If you have your own presets in the Hald CLUT format, you can apply them to the currently opened image with Colors | Apply External CLUT. If you don't have Hald CLUT files, G'MIC comes with a tool that allows you to generate Hald CLUT files from existing edits (Figure 3). To use this tool in Gimp, open the source image in Gimp and create a new layer by choosing Layers | New from Visible. You should see the new layer called Visible in the Layers pane. Make sure that this layer is on top and selected, and then apply the desired color adjustments. Choose Filters | G'MIC-Qt, and then switch to the Colors | CLUT from After-Before Layers tool. Select All visible from the Input layers drop-down list and New image from Output mode. You should see a Hald CLUT table in the preview pane. Press OK to generate a Hald CLUT file, save the file in PNG format, and you are done. Now you can apply the freshly-baked Hald CLUT file to a photo using Colors | Apply External CLUT.

Figure 3: You can use G'MIC to generate your own Hald CLUT presets.

Both digiKam and Gimp offer simple tools for removing unwanted objects from images. But though they can help you to remove dust particles and blemishes, these tools fall short when it comes to removing large and complex objects. Enter the G'MIC Inpaint tool (Figure 4), which lets you make objects disappear without too much effort. The way it works is rather straightforward: Use a certain color to mask the unwanted object, and then let Inpaint do its job.

Figure 4: Removing those pesky humans is easy with the Inpaint tool.

In Gimp, this requires a few simple steps. Open the desired image and set the background color to red (the HTML notation value should be ff0000). Use the Lasso tool to make a rough selection around the object you want to remove. Choose Edit | Fill with BG Color to fill the selection with the red color, and then choose Select | None to remove the selection. Open G'MIC by choosing Filters | G'MIC-Qt and select the Repair | Inpaint [Multi-Scale] tool. Specify the red color that matches the color you used for the mask in the Mask Color input field, and watch the masked object magically disappear in the preview window. G'MIC offers several Inpaint variants based on different algorithms. So if Inpaint [Multi-Scale] doesn't do a good job of removing the selected object, you can try other versions of the tool. And, of course, you can tweak the available parameters to achieve a better result.

Speaking of masks, G'MIC comes with a masking tool that makes it possible to quickly add masks based on a specific color. This tool can come in useful if you need to make adjustments to a specific area of an image, such as making the sky in the image brighter, desaturating a bright red car, or replacing one color with another one. To create a mask in Gimp, choose Filters | G'MIC-Qt, switch to the Colors | Color Mask [Interactive] tool, and press Apply (Figure 5). This opens a separate window where you can use the mouse to select the desired color. Mouse over the area you want to mask and right-click on it. To select a larger area, press and hold the right mouse button and drag the pointer across the area you want to select. Keep pointing and clicking until you've selected the entire area. If you accidentally select an area that shouldn't be included in the mask, point to it and left-click to remove it from the mask. Use the R key to reset the mask completely. Sometimes it can be difficult to see the mask's exact boundaries; you can use the Space or Tab key to switch between different viewing modes to give you a better preview of the current selection. When you are finished, close the preview window, and you should see a new layer with the mask in the Layers pane of Gimp.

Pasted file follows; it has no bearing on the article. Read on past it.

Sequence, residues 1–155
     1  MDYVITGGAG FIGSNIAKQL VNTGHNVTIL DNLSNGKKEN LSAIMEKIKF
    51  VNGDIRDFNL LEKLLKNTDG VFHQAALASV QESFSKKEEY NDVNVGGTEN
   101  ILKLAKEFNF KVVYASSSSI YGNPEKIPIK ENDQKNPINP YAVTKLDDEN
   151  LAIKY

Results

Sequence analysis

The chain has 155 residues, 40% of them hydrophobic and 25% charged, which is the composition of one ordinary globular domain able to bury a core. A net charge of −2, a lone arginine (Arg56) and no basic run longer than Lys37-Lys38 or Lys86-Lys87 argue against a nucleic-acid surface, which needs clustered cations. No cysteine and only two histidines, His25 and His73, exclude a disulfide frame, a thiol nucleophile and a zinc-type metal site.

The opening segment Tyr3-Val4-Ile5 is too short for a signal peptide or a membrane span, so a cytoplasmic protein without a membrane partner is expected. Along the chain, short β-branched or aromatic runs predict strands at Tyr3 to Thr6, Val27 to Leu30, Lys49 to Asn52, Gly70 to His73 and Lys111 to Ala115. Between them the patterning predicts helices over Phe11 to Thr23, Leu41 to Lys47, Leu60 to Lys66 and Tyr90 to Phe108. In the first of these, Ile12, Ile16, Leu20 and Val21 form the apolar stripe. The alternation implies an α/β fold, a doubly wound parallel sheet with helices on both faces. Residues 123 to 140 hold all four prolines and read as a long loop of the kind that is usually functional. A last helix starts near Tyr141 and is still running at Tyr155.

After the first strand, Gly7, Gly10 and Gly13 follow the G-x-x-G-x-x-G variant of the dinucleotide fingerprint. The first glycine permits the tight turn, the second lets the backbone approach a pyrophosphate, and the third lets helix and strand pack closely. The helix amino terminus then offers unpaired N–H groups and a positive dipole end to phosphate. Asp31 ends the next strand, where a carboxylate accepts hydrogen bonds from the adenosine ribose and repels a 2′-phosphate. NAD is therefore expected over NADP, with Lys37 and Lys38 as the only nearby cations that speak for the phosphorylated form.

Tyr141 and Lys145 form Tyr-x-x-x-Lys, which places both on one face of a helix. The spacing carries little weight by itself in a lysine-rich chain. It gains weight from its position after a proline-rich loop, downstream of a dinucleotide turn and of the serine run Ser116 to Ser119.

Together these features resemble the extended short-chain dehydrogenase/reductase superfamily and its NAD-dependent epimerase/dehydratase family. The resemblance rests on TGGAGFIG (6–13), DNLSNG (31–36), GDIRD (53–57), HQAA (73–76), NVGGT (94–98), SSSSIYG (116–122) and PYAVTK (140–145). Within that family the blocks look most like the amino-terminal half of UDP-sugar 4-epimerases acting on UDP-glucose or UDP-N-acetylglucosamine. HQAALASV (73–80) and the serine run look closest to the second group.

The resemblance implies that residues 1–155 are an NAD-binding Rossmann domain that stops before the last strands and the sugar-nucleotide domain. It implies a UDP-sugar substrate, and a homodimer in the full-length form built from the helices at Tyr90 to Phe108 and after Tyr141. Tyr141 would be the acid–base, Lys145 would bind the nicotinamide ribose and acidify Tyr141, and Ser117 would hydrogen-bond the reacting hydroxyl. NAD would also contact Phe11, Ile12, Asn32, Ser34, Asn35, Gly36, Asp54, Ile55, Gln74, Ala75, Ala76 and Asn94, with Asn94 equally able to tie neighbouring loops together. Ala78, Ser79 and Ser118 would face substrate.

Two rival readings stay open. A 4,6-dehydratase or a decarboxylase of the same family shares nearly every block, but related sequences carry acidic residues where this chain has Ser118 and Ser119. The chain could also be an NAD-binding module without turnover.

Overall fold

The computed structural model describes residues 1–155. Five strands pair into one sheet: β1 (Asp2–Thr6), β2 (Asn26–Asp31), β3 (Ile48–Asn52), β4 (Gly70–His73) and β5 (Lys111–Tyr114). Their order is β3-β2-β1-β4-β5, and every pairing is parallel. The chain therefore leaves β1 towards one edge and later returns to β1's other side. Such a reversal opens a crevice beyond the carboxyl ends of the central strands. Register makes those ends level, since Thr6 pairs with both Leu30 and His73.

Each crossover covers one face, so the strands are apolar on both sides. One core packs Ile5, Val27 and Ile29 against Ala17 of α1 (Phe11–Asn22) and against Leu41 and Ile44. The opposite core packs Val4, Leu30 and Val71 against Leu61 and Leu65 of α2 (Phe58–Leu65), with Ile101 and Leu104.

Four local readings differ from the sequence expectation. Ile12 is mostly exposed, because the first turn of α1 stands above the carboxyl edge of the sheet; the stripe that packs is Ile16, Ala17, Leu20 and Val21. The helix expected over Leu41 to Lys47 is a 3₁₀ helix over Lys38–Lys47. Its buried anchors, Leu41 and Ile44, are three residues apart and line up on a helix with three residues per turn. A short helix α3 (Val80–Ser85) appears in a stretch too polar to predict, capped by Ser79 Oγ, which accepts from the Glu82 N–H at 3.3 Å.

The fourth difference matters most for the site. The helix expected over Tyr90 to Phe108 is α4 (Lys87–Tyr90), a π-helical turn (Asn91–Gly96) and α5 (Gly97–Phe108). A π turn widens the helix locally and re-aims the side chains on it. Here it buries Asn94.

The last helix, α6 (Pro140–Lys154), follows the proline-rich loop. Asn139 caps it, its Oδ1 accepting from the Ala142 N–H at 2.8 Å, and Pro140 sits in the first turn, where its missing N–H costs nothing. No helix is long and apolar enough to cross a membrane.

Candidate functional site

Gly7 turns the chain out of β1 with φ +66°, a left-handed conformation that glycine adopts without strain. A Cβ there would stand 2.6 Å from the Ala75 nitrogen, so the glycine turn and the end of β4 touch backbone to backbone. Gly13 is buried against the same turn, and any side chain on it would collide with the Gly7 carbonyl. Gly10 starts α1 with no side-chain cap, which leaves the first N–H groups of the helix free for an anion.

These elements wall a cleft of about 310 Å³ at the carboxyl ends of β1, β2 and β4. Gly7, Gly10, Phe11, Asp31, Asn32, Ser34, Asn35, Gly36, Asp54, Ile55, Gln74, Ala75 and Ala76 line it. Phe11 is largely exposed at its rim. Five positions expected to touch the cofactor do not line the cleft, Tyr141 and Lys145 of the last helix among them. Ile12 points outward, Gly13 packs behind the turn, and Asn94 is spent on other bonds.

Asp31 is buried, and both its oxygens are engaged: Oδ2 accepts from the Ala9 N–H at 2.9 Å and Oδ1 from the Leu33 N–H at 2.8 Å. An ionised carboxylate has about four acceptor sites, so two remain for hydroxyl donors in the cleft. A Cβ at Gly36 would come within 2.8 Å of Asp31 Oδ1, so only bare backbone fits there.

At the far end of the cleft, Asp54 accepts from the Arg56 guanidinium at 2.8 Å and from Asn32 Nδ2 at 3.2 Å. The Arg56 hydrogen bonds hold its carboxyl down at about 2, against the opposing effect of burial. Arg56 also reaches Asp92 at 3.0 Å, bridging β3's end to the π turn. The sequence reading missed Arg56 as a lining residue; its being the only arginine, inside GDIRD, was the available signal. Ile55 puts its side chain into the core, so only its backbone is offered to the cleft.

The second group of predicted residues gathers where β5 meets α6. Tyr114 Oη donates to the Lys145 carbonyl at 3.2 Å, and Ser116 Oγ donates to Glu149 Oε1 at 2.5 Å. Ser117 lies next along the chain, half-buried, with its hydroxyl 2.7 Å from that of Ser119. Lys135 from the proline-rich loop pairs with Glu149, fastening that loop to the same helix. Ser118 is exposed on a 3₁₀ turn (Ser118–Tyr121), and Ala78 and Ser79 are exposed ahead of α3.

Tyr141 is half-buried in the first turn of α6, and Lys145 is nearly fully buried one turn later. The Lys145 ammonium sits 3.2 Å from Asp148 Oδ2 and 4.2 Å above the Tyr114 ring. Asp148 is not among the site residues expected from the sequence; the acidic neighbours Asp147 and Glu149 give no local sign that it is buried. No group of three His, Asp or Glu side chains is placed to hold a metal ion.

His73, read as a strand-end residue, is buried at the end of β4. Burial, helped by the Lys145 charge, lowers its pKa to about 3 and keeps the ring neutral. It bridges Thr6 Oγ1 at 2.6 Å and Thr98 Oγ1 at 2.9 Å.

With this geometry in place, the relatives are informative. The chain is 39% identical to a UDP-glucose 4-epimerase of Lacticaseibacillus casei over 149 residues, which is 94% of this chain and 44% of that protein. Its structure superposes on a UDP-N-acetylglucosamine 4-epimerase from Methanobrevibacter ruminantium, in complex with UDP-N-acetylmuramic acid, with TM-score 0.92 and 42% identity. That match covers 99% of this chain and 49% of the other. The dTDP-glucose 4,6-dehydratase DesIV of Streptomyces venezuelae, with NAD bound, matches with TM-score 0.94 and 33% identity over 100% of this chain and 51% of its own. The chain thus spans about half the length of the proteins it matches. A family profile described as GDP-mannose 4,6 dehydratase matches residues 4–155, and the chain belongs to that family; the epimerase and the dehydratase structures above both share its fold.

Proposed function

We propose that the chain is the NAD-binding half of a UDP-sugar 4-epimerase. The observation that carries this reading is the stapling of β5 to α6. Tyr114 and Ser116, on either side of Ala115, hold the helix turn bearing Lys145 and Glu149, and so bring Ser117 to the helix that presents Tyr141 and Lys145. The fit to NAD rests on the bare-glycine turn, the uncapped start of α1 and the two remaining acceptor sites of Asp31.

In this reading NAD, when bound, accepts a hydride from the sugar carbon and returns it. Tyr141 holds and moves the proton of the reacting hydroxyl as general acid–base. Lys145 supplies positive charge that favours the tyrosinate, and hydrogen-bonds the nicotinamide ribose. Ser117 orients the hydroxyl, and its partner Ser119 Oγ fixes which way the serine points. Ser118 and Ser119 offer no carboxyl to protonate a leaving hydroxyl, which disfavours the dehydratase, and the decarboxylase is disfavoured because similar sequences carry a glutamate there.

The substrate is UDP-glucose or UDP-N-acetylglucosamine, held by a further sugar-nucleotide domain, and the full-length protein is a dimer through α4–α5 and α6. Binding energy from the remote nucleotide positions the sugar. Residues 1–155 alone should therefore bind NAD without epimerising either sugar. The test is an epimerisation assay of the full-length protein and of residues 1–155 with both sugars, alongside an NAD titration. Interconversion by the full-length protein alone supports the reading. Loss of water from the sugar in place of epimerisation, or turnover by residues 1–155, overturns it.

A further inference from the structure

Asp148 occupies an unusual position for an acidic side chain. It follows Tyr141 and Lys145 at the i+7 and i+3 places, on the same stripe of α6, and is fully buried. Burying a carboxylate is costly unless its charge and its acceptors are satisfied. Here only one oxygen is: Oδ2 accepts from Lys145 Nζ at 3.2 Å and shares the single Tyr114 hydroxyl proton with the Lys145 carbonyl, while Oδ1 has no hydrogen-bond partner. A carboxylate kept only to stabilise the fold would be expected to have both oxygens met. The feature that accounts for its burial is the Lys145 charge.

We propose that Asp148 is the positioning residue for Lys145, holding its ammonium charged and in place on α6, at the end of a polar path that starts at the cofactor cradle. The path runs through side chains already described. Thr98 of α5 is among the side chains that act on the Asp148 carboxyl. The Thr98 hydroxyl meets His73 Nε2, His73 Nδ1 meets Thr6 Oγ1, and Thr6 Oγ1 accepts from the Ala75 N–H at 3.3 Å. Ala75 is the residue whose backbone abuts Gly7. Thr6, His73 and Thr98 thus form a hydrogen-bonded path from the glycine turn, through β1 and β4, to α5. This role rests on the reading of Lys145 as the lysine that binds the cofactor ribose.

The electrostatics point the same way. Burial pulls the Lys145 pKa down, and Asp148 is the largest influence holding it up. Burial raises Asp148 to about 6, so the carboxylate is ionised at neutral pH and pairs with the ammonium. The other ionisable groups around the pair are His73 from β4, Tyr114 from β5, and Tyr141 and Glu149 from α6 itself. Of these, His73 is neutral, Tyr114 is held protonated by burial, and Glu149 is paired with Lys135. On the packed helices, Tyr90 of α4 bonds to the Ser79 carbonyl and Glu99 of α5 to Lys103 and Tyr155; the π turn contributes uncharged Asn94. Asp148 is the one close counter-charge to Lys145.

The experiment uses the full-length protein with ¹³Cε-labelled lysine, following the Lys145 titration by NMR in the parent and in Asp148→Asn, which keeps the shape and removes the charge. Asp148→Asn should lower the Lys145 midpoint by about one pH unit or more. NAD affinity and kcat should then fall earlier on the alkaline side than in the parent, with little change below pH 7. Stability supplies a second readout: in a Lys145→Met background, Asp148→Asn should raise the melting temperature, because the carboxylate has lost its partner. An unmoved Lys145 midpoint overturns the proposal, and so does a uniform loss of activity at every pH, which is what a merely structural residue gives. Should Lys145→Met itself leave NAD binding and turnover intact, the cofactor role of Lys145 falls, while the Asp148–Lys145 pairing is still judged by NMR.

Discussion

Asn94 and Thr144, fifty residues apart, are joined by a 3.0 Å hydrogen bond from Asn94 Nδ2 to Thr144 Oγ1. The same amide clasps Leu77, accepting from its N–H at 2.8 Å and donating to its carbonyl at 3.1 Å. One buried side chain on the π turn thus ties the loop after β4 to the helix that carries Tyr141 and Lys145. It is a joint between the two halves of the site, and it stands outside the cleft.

Figure 5: Creating a mask with the Color Mask tool.

It's Complicated

Because G'MIC does a good job of hiding the complexities of image manipulation behind a simple interface, it's easy to forget the serious science happening in the background. Take, for example, the Details | Sharpen [Deblur] tool. It's based on the Jansson Van-Cittert deconvolution algorithm, and it's mostly used for recovering blurry images in microscopy and astronomy. The available parameters allow you to control how the algorithm is applied. The Radius parameter specifies a standard deviation of the Gaussian kernel that is supposed to model the image's blur degradation. In practical terms, you would use a high radius for very blurry images and a small radius when the blur is low. The Jansson Van-Cittert algorithm is iterative, meaning it starts with a blurry image and converges toward the deconvoluted image through multiple iterations. The Iterations parameter allows you to specify the desired number of iterations. The blurrier the source image is, the more iterations are required to make it sharper. The Time Step parameter controls the maximum intensity variation (in R,G,B) between two consecutive iterations. Assuming an image has RGB values in range [0,255], the default value 20 specifies that the pixels cannot vary more than + or -20 in value between two iterations. To avoid sharpening the noise, you can use the Smoothness parameter to specify the weight of the regularization term. The noisier the image, the higher smoothness value you need.

Of course, you don't need to know the underlying theory in order to use this and other tools. Tweaking the available parameters and previewing the result is often the best way to learn how a specific tool works and what it can do for you. But uncovering the theory behind certain tools provides a fascinating insight into the science of image manipulation. As already mentioned, finding information about specific tools can be a bit of a challenge, but asking your questions on PIXLS.US [2] is a good place to start.